This just in: Floodgate Games and Infectious Play Productions are publishing a game in which you make the news. Fake? Most likely. Fun? That’s up to you! Tune in for News@11!
What Is News@11?
News@11 is a party game for 4 to 6 players, ages 8 and up, and takes about 30–45 minutes to play. It’s currently seeking funding on Kickstarter, with a pledge level of $19 for a copy of the game. The game is mostly about having some fun making up stories, so the game itself is kid-friendly, but of course it depends a lot on the particular players and what they decide to put on the fill-in-the-blank cards. Also, although the game says 4 to 6 players, I think you could easily throw in more players, as long as you know that the game will take longer to play.
Note: my review is based on a prototype, so final component quality and count may different depending on how the Kickstarter campaign does. My prototype included:
- 10 Segment cards
- 6 Producer cards
- a big stack of Cue cards
- a Sharpie
Just based on the cover image compared to the card backs of the prototype, I imagine that these cards are going to get spruced up a little before the publication, though really all that’s needed to play is the text on the cards. Each cue card has one word printed in bold at the bottom, and two Mad Libs–style blanks above that, asking you for things like “dangerous substance” or “mythical creature.” Segment cards are different news segments (Traffic, Weather, etc.) and producer cards are things that can interrupt the flow of the game to throw in a twist or save a struggling player.
How to Play News@11
The object of this game is just to have fun—it’s a collaborative storytelling experience, and there isn’t a winner or loser, other than getting laughs out of your friends.
One player is the Lead Anchor, and takes the segment cards. You can have the same player be the Producer and take the producer cards, or else choose another player (who doesn’t like talking as much) and let them be producer. Everyone else is a Field Anchor, and each player gets three cue cards dealt to them.
At the start of the game, each Field Anchor will get to fill in one blank on each of their cue cards. Pick one of the blanks on the card and read the text below it. Everyone else gets to shout out suggestions, and you pick the one you like and then write it on the card. (Yes, in permanent marker! Think of it as a Legacy-style game.) Once everyone has filled in one blank per card, put these cue cards back into one pile and shuffle them.
The game takes place over three time periods: Morning News, News at Noon, and Evening Edition. The phases play out the same way, except that in the morning each Field Anchor will get 1 cue card, at noon they get 2 cards each, and then in the evening they get 3 cards each.
The Lead Anchor does a little intro, and then picks a segment card and calls on one of the Field Anchors. “And now, here’s Ted McMurray with the weather!” The Field Anchor gives a short story of that segment type, incorporating all the terms on their cue card (in any order, and however they’d like to interpret them), and then call back to the Lead Anchor.
Continue until each Field Agent has been called on for a segment. Then take back all the cue cards, shuffle them up, and deal out the appropriate number for the next time period.
The game ends after the three time periods, by which time some of the cue cards may have shown up in multiple news segments of different types.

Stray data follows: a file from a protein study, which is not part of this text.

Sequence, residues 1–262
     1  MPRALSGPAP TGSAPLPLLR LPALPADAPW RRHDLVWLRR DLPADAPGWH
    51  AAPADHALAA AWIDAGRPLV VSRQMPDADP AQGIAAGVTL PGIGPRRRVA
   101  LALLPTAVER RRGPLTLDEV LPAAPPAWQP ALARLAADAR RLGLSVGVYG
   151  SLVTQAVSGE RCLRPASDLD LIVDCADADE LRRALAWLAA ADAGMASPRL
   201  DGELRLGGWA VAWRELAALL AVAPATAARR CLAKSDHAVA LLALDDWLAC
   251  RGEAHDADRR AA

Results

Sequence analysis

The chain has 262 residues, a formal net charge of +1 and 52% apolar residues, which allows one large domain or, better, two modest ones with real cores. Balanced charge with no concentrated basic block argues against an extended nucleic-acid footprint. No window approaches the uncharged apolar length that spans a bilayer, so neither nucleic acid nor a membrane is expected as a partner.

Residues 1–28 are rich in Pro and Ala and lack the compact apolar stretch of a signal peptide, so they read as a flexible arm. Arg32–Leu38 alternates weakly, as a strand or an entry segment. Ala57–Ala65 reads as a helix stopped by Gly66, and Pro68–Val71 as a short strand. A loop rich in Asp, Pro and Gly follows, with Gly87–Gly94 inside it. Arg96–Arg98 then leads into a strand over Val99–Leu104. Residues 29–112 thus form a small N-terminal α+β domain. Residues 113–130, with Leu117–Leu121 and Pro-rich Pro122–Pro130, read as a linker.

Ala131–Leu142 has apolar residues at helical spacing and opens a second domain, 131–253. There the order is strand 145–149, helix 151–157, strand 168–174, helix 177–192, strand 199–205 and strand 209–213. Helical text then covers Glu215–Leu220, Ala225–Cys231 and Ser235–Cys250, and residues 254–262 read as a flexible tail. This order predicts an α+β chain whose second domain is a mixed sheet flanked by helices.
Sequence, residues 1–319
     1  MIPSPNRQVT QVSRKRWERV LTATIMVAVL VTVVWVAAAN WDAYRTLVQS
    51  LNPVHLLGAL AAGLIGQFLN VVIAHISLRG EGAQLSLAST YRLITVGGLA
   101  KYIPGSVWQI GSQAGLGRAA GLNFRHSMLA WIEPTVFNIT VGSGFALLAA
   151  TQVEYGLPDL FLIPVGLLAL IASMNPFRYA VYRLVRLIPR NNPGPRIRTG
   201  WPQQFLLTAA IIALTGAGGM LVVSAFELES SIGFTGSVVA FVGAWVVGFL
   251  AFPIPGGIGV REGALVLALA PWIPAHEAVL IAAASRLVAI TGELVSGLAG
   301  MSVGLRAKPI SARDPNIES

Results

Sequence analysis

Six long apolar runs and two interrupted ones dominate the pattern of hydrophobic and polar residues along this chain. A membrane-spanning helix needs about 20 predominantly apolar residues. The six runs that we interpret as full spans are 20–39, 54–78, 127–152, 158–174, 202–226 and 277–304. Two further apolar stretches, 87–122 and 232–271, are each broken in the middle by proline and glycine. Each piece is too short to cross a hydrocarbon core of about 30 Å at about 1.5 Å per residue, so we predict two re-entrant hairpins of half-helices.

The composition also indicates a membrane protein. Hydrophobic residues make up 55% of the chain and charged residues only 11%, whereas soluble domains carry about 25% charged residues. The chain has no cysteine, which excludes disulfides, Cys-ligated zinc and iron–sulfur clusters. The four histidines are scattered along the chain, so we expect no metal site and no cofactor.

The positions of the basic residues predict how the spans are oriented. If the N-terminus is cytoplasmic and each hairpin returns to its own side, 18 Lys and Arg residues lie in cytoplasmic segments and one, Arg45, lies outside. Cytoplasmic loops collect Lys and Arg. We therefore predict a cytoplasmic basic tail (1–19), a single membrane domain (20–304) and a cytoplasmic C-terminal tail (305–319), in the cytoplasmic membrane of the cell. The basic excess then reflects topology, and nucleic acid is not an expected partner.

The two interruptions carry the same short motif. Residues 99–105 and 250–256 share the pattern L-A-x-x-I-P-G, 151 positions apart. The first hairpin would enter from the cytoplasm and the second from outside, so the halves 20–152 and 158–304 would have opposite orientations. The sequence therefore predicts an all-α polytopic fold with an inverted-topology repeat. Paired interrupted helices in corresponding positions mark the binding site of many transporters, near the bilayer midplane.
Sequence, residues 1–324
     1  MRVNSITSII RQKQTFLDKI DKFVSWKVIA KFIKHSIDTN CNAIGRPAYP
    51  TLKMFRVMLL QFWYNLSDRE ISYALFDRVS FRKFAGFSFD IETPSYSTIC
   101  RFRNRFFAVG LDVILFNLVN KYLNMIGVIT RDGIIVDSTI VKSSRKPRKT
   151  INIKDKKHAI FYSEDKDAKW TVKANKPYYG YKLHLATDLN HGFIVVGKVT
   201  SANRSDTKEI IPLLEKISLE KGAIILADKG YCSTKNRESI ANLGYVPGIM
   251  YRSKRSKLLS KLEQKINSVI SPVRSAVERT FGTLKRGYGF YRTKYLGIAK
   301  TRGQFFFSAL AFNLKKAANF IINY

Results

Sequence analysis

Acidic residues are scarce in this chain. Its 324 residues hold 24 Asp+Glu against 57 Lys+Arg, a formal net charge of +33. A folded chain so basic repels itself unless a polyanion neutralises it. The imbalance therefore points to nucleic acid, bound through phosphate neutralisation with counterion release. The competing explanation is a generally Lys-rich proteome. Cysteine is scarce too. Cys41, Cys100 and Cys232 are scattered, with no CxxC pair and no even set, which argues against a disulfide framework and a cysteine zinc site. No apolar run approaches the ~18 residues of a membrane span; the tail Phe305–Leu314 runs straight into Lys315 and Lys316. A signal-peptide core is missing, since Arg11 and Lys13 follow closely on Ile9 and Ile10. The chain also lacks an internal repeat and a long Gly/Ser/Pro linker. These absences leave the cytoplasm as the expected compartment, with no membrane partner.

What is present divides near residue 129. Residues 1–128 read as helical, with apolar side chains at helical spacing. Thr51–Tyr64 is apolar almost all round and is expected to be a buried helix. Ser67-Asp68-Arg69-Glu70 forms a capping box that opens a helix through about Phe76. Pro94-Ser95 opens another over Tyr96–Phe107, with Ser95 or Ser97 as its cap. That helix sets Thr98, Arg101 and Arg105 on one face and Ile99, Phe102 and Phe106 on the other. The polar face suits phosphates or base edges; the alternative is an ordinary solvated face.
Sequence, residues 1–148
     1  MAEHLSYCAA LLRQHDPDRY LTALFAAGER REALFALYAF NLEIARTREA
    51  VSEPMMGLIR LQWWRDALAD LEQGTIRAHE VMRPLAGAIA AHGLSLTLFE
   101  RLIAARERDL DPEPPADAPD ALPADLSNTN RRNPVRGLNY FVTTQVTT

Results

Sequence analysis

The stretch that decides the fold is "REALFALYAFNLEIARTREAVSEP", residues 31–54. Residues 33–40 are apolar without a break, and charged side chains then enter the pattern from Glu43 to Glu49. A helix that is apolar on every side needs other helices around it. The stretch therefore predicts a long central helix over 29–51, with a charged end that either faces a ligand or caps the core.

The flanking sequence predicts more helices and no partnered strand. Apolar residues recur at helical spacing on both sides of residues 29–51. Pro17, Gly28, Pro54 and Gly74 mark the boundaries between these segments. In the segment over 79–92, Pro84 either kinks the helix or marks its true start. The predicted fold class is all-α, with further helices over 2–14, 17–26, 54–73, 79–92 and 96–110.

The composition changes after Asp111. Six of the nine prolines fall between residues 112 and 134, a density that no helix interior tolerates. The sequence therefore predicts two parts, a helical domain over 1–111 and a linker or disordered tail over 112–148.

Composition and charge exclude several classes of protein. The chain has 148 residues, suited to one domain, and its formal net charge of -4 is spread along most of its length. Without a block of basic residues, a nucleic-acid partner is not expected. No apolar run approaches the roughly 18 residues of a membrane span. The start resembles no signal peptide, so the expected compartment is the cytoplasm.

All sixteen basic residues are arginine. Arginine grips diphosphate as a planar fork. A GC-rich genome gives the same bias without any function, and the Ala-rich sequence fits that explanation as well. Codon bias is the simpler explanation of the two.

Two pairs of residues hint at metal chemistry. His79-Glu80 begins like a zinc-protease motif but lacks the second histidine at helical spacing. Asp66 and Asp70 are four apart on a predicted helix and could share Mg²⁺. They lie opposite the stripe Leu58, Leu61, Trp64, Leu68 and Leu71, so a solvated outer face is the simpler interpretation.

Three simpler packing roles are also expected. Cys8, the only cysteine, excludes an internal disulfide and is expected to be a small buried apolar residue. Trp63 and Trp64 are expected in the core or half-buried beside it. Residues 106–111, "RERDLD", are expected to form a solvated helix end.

Why You Should Play News@11
News@11 is sort of a mash-up of Mad Libs and improv comedy, with maybe a dash of The Onion thrown in for good measure. It’s best for those who are good at making things up on the spot, and is primarily a social storytelling experience.
I’ll admit right up front that I’m probably not the ideal target audience for News@11 myself: a lot of my gaming group is introverted and doesn’t really want to be put on the spot. And my kids? They really haven’t watched traditional TV news, so I think some the theme is somewhat lost on them. That, and I tend to prefer games with more objective outcomes—scoring, winners and losers—so a game that’s designed purely for entertainment value without any win condition isn’t my usual fare.
However, I do think News@11, given the right crowd, could be a huge hit. The fill-in-the-blank cards will make for a lot of in-jokes, particularly the way that the same cards will crop up throughout the course of one play. The kangaroo with a backpack might show up first disrupting traffic on the highway in the morning, and then wind up later in a health and beauty segment in the evening. And just wait—someday that card will show up again when you play, and you’ll be reminded of the stories you heard previously. I do think it’s a game that gets funnier the more you play it, not only because of shared history but because more and more blanks will get filled in.
Speaking of those blanks: the tone of the game will be affected by your fellow players. Depending on whether you’re playing this with your kids or adult friends, you may want to segregate the cards so that you don’t wind up with a bunch of inappropriate references when you sit down to play with your kids … or your parents.
In this current climate where a lot of people have strong opinions about the news—whether it’s fake, or biased, or sensationalized—News@11 gives you the opportunity to write the stories you want to hear. Maybe you could take your mind off what’s going on in the real world for half an hour, or maybe your game will spark some conversations about difficult topics. It’s totally up to you!
If you enjoy some absurdity in your games and love making stuff up, you should definitely take a look. If you’re not a fan of improv, then you could probably change the channel. For more information and to make a pledge, visit the News@11 Kickstarter page!
Disclosure: GeekDad received a copy of this game for review purposes.